So here's what I did:
I started with some fabric, and a yard covered up enough of the board once I added the borders (click the link for the printable template). Then I used (well, stole, then used) my husband's laser level.
I had these foam popsicle sticks leftover from a project last year, so I used them. I wanted the x and y axes to be really perpendicular, so I took my time with this step. I stapled each one on the ends as I went across, then went back and reinforced them once I was sure they were in the right place.
Then I started adding cording (scavenged out of my grandmother's sewing closet) at two inch intervals. I just guessed at the length - they're uneven, but they're covered by borders, so it looks good. I marked the two inch intervals on the foam (see the indentations from my pencil above?) then just twisted the laser to meet the dot. This step was what I had anticipated spending tons of time on, but once I did the first 2 or 3, it went by super quickly. Attaching all the cording took maybe 20 mins. total.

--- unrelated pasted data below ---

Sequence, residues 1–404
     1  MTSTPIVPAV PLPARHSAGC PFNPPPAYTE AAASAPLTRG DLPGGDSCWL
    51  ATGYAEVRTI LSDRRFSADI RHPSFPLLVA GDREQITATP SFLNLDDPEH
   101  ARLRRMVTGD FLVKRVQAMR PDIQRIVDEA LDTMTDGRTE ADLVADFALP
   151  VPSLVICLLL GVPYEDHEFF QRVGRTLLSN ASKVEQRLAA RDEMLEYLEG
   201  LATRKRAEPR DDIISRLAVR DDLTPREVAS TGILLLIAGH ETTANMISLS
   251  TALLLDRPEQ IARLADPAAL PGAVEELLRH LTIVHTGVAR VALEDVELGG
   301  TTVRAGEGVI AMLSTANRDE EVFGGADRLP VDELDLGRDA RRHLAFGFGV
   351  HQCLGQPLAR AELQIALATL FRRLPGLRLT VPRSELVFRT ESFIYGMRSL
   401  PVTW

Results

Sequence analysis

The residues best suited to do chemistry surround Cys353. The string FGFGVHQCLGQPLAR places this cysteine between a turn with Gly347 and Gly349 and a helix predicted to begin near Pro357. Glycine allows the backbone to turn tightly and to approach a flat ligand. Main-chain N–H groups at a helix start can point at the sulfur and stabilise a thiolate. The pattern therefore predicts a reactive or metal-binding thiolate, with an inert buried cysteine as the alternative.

Here's a close up of how I was lining it up and stapling. (And also the proof of how uneven these really were. Less measuring = less time spent)
Once the vertical lines were attached, I repeated the process with the horizontal lines.
Overall, I'm so happy with how it turned out. Here are a couple tips:
1. Don't use yarn for the grid lines. That's what I tried originally, but it's too stretchy.
2. It will sag after a few days. Just staple it back up, and it should be fine after that point.
Here's what I'm using to attach points.
Small command hooks hot glued to foam squares. They clip wonderfully!
(Side note - the small command hooks aren't great for graphing lines. I've been using jumbo paper clips for lines, then attaching yarn to the paperclips AFTER the paperclips are in place. So far, it's the most accurate way to keep a line where it needs to be.)
Here's that finished product: finished with borders, and book covers cut in half, then stapled up to hold the hooks and paperclips.